At a recent grower seminar in Yakima Valley, Washington, Hortau Director of Grower Support Ben Smith discussed a number of topics during his presentation on “Irrigation Management Basics.”
One of the more intriguing topics for the 50 growers on hand revolved around how soil tension (and other types of measurements for that matter) varies across different soil types. In Washington, like many major agricultural regions, growers farm across a number of vastly different soil types — often times on the same operation.
Which begs the question: Why is soil tension important for monitoring crop stress across different soil types?
Anyone who has used Hortau’s soil tension monitoring system understands its tensiometers don’t have to be calibrated due to soil type and aren’t affected by salinity or alkalinity like some other sensor technologies on the market.
In our 16 years of experience, we’ve found soil type is often the biggest factor in determining the precise amount of available water to a growing crop, and if your sensor only measures a percentage of water in the soil, you’re not seeing the big picture.
For example, a water content probe may show 20% water content in a sandy soil, which results in soil tension of 5 cbar (a non-stressed, ideal situation for a crop). But in clay soil, a 20% water content reading is a whole other story. In clay soil, 20% water content could result in severe stress (60 cbar), because water isn’t as readily available to a crop in clay soil versus sandy soil.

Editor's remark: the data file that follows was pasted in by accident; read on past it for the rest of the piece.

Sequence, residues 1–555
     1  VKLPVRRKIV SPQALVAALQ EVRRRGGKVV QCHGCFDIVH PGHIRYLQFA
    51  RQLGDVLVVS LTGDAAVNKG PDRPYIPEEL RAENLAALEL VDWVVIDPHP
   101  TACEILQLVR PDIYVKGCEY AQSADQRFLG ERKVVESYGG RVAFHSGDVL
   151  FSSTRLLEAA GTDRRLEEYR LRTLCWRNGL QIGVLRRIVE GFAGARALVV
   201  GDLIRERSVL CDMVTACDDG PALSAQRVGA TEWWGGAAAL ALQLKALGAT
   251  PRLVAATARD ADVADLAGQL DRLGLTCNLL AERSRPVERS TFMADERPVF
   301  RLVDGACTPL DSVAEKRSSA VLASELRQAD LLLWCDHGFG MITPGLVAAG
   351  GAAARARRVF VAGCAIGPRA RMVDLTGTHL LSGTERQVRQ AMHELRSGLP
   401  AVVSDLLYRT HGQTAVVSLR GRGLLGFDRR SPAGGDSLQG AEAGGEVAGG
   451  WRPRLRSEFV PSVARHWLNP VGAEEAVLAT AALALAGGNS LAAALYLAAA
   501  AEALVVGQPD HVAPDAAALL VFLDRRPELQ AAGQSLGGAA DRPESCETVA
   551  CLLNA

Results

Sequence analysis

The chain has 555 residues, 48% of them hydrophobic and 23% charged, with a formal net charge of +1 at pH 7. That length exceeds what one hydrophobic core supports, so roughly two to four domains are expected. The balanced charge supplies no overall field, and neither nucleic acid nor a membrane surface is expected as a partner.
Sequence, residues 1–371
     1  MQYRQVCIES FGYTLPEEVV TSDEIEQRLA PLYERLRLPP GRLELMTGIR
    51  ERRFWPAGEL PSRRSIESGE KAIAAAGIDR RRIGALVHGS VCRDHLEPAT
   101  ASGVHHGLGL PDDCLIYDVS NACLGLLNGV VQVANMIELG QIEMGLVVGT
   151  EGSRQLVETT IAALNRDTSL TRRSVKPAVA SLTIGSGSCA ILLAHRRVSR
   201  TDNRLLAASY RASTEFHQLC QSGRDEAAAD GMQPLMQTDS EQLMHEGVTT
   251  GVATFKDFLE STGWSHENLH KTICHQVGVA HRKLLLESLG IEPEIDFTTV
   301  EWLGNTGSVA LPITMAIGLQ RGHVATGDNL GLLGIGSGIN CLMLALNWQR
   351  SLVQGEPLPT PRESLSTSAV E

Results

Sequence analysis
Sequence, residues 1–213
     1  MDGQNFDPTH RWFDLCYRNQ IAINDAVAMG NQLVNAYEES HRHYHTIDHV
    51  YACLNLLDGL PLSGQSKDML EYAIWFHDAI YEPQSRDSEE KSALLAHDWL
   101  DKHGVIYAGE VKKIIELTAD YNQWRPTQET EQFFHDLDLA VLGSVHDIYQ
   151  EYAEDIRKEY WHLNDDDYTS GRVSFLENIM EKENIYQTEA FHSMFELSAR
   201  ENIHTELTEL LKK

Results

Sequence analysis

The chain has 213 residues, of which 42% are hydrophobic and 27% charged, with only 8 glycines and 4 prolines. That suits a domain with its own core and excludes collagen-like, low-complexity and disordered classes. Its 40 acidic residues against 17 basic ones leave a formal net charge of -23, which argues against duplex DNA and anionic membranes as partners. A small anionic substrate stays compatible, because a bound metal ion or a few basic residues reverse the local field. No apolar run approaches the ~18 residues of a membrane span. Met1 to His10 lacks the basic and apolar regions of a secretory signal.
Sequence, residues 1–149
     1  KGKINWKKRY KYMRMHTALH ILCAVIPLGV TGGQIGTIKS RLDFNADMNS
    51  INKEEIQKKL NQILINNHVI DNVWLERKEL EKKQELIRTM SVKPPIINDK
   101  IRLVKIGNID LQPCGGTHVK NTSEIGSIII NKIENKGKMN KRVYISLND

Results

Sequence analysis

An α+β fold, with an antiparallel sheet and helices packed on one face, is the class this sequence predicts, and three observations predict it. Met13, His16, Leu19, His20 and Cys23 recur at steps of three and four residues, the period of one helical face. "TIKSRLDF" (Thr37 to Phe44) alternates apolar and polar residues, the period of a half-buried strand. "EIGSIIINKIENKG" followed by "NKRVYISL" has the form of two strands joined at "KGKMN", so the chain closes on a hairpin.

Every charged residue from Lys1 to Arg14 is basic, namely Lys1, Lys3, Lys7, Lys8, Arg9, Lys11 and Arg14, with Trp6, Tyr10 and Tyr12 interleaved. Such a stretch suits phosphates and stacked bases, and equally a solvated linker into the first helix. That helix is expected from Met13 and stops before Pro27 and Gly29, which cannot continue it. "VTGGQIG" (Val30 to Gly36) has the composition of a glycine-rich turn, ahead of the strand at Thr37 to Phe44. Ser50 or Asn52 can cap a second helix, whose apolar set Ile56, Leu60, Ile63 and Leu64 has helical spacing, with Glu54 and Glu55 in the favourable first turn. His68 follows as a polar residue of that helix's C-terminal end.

So in this case, 20% water content in a sandy soil is drastically different than 20% in clay soil. But if you were measuring soil tension in real time with Hortau, you’d be able to pin point crop stress thresholds and clearly see the differences between 5 cbar (non-stressed) versus 60 cbar (severely stressed) across various soil types. These soil tension readings allow growers to anticipate and mitigate stress, keeping your crop in the ideal stress range all season long via proper irrigation management.
“Overall, sandy soils hold more water than clay soils,” Smith said. “This is contrary to what a lot of us learned growing up. We go to school and we hear clay soils hold water, sand doesn’t hold water. That’s true in terms of a broad scale and a percentage of water, but in terms of soil tension and the range that we prescribe for proper irrigation management, the opposite is true: sandy soils hold more available water.”
Contact us today to learn more about Hortau’s soil tension monitoring service, and how we help growers optimize production across various soil and crop types.